Friday, July 19, 2013

5 Heart Review: Changeling Moon by Dani Harper

Changeling Moon (Changeling #1)
Dani Harper

Page Count: 344

Release Date: 31 May 2011
Publisher: Brava (Kensington)
Source: Complimentary copy provided by FSB Media in exchange for an honest and unbiased review (thank you, Leyane!)
Rating: ♥♥♥♥♥♥♥♥♥♥

He roams the moonlit wilderness, his every sense and instinct on high alert. Changeling wolf Connor Macleod and his Pack have never feared anything—until the night human Zoey Tyler barely escapes a rogue werewolf's vicious attack.

As the full moon approaches, Zoey has no idea of the changes that are coming, and only Connor can show her what she is, and help her master the wildness inside.

With her initiation into the Pack just days away and a terrifying predator on the loose, the tentative bonds of trust and tenderness are their only weapons against a force red in tooth, claw... and ultimate evil.
In attempts to elude the fast life of Vancouver in wake of a tragic personal defeat, Zoey Tyler seeks refuge in the small, drama-free town of Dunvegan, which seems warm and inviting at first, but seems to have mysteries and secrets of its own. The whole "heroine escaping her horrible past" cliché in romance novels is overrated, but for once, I was glad to see the swirling crisis actually be revealed bit by bit, rather than culminating to a disappointing climax. Harper fluidly incorporates Zoey's past demons with those she finds in Dunvegan, making for a rich, complicated plot.

Changelings, which differ from werewolves due to their greater power, and their ability to change into human form whenever they please, are creatures you don't encounter often in paranormal romance, so I enjoyed this fascinating twist on the mythical beings in a contemporary world. Readers get both Connor's lupine and Zoey's human perspectives, which kind of did make the story drag on, but was overall highly revealing. When one enraged beast sabotages the Connor's pack by resurrecting old werewolf folklore which exposes real-life changelings, the entire public is terrorized, and the changelings of Dunvegan, in grave danger. Somehow, Zoey is connected to all of this... and it's Connor and Connor alone who can show her why.

As much as I liked the supernatural elements, the romance aspect is unconvincing—plenty of insta-love going around—but the love scenes, woooowhee! If you enjoy hot hot alpha male sex, you need to pick up this book now.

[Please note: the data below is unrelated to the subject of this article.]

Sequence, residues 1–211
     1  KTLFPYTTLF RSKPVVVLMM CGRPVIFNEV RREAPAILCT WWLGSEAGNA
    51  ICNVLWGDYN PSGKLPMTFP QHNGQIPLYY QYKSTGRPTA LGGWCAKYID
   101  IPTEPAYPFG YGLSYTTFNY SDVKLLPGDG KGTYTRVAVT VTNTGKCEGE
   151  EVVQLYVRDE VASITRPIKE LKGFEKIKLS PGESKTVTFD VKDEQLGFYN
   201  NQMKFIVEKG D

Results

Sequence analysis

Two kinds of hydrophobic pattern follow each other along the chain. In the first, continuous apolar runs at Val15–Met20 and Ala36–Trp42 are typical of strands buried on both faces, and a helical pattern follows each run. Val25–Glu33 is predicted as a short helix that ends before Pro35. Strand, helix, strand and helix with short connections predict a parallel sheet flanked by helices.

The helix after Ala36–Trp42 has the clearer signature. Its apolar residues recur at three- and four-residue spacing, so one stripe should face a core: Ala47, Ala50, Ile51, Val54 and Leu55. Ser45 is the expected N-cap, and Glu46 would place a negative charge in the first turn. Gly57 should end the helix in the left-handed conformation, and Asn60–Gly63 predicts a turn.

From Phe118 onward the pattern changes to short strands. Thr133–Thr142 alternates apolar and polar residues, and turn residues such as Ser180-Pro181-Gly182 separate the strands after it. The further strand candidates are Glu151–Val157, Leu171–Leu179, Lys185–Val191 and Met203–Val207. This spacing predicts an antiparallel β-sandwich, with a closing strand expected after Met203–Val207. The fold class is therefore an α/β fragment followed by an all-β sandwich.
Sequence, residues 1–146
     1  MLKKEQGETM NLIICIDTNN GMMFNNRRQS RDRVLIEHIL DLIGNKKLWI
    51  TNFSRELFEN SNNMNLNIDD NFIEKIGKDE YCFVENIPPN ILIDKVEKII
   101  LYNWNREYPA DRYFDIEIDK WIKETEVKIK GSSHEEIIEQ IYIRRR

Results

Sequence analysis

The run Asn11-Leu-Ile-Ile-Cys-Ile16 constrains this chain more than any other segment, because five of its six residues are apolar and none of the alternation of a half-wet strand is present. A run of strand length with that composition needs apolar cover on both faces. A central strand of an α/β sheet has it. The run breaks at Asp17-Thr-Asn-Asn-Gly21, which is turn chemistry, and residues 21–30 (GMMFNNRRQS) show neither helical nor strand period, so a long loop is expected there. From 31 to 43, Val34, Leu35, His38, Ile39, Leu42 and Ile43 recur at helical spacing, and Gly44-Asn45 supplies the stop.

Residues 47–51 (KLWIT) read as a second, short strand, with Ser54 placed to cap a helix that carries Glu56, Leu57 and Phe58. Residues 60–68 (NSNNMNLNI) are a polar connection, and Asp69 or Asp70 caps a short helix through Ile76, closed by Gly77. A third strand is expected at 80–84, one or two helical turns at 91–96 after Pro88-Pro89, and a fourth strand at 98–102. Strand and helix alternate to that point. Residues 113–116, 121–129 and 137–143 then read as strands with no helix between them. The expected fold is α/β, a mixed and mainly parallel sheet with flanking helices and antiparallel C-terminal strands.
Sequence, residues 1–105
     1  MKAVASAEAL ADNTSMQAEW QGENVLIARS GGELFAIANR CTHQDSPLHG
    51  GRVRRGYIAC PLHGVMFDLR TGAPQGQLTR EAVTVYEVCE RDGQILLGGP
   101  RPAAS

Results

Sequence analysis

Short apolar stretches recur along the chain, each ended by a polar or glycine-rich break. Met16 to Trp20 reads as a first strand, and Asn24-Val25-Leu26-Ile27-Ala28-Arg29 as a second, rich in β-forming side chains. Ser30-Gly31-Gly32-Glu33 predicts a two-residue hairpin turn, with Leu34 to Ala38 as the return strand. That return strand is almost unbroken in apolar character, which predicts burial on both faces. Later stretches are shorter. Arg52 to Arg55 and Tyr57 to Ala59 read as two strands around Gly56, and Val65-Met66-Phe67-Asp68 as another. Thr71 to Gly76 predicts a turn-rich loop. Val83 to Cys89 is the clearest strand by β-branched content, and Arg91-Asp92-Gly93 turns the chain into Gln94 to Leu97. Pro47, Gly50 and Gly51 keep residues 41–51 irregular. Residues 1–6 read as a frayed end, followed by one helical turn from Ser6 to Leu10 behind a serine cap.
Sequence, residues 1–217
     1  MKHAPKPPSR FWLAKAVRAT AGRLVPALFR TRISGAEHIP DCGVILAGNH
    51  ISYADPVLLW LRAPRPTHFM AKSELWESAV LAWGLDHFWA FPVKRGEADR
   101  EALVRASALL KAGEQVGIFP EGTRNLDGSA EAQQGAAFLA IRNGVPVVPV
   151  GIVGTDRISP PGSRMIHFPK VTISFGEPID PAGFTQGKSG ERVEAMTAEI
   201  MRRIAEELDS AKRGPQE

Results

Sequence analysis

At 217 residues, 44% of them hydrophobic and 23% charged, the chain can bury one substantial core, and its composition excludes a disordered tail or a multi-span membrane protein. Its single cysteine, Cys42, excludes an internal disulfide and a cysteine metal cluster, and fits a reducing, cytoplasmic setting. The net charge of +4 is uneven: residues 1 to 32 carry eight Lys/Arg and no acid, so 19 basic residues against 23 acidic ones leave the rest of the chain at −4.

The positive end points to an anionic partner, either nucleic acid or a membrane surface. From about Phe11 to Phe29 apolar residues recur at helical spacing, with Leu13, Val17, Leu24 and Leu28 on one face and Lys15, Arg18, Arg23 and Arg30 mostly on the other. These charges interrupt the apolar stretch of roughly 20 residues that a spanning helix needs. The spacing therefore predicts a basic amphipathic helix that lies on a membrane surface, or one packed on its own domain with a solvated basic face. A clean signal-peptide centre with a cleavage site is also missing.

The characters are disappointing too. The secondary characters such as Jessie the pack leader and Connor's playful-yet-equally-sexy brothers are great—I loved them—but Zoey is extremely dislikable. She's supposed to be "strong" and "independent" but she's quite aloof, and rather stiff-necked. She says and does the rashest things that may give her the strapping young reporter vibe in a romance novel, but would literally get her nowhere in real life. Connor, too, isn't that great. He's huge and sexy and tough, yeah, but nothing about him really clicked for me. He's unnecessarily overprotective of Zoey—even though he knows nothing about her—and again, is an ideal, but pretty unrealistic hero.

Pros


Smoldering chemistry between Zoey and Connor // Secondary characters are great, especially the Macleod brothers! Mmmm! // Connor is a fantastic alpha hero // Refreshing take on changelings, as opposed to werewolves

Cons


Changelings seem to be the ideal species—there's basically nothing they can't do // Neither Zoey nor Connor are particularly likable // Physical attraction is well-portrayed, but actual romance and love storyline unrealistic

Verdict


Since I've never read a changeling romance before, I am glad I gave Changeling Moon a chance; Dani Harper introduces paranormal lovers to a world of werewolf folklore, bloodsucking predators, and sizzling romance. While this first book of the Changeling series isn't something I would necessarily recommend or read again, if you want to try your hand at changelings, you might want to consider this one Americanflag

5 hearts: Doesn't particularly light any of my fires; I feel indifferent about this book (x)